Have a photo booth at your reception where guests can pose and send you the photos for inclusion in your thank-you cards. Try out an ethnic jig instead of the traditional money dance for a unique twist.
Make sure all of your vendors know EXACTLY what you want on the day of your wedding. This way, you won’t have to worry about any miscommunication.
1. Get Organized
The best way to get the most out of your wedding day is to make sure you’re well organized. This will help you save money and keep you on track when it comes to planning.
If you’ve got guests travelling to your wedding from out of town, ask a friend who owns a vehicle to help transport them. This is a quick and easy task that can be done well in advance of your wedding date.
A friend who’s good with kids is a valuable asset to have on hand during your wedding day. They can help corral them for their entrance, entertain them during reception and keep an eye on them while you prepare for photos.
Just because you share a cubicle or eat lunch with someone in the office doesn’t mean you need to invite them to your wedding. It’s far too busy of an event to try and rekindle old friendships, anyway, between all the mingling and one-on-one time with your new spouse.
Also, if you’re cutting your guest list down to fit the capacity of your venue, don’t be afraid to be firm about plus-ones. It may be uncomfortable to tell your college friends who only know you and your fiance they won’t get their own seats, but it’s the only way to keep your list under control.
3. Cut Your Guest List
If you have a wedding guest list that’s overflowing at the seams, it may be time to consider cutting some names. While it’s tempting to invite cousin Fran and her new boyfriend of two months, you have every right to decline them if the relationship isn’t long-term or committed.
Likewise, there are likely people who you don’t talk to on a regular basis that you could eliminate from your list as well. Your day should be spent with people who mean the most to you and are able to fully appreciate your special moment.
A great rule of thumb is to cut anyone who you haven’t seen in a year.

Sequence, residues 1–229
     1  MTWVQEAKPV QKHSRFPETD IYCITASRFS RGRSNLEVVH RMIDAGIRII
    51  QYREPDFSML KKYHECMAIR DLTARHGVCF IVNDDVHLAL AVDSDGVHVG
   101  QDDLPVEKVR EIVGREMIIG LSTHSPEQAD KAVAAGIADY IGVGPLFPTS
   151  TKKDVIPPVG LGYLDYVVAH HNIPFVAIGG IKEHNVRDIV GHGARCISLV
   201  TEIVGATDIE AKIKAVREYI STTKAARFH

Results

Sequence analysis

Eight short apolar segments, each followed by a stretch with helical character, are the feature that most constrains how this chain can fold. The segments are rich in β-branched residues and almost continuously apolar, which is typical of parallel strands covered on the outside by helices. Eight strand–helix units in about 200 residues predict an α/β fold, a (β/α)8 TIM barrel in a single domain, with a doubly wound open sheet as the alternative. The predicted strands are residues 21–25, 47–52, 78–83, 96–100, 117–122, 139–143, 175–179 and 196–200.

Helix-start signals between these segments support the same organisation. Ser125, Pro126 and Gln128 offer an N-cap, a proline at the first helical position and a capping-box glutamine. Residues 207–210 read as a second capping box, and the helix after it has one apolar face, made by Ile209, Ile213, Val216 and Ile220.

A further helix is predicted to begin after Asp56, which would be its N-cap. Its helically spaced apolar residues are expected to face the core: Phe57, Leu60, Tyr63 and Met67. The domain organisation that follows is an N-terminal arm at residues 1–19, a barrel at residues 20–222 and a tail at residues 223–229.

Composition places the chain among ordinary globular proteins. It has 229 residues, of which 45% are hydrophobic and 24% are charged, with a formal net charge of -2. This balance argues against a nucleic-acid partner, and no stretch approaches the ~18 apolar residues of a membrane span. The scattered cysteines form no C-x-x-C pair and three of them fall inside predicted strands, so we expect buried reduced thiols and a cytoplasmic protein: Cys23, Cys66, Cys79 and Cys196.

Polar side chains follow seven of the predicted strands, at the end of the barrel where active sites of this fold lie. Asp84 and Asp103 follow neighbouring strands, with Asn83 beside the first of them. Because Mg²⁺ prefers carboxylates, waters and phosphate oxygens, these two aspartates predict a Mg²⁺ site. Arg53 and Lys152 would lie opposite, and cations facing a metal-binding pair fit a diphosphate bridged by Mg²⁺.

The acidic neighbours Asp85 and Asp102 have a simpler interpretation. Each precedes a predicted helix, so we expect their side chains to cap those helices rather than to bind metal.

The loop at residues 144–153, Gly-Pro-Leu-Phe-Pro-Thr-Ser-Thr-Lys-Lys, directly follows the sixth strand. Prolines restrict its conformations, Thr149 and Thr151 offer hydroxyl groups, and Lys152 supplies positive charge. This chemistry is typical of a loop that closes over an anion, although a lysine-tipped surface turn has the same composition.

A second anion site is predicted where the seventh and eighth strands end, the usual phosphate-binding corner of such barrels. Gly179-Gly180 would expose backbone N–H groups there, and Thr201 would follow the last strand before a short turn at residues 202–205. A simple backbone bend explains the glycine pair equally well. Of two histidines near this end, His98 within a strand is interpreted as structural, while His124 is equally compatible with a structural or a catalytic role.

4. Have a Timeline
Your wedding day timeline is essential to the smooth running of your day. Having a timeline lets your vendors know when they need to be where, and gives you an idea of how long your day will take.
Typically, it’s best to start with your ceremony time & work backwards & forwards from there. This will give you a rough idea of when any hair & makeup appointments need to begin.
Remember to leave a bit of extra room for any late arrivals, too. Most weddings stray by at least fifteen to twenty minutes at various points throughout the day or night, and it’s usually not a big deal.
5. Make a List of Must-Have Photos
If you want posed photos, make sure to tell your photographer this ahead of time and work with them to narrow down what shots are most important. If there are a few special ones that you know will be a must, like a photo with a certain grandparent or godparent, make sure to communicate this with your photographer so they can ensure you get these pictures if possible.
The best part about having wedding photos is that they help you remember all the special moments of your big day. Let your photographers have free rein to capture all the fun stuff that you may not be able to catch on camera, too.
6. Put Your Wedding Party to Work
Make your bridal party and parents aware of what needs to be done, when. This will help them stay on the same page and prevent any aggravation or confusion on your wedding day.
Encourage your friends and family members who are not in the bridal party to help you greet guests and get them settled at their tables. This will make them feel like a valued part of your big day.
If you have musically-talented friends or family, ask them to play at your ceremony. This adds a personal touch that will be remembered by your guests for a long time to come.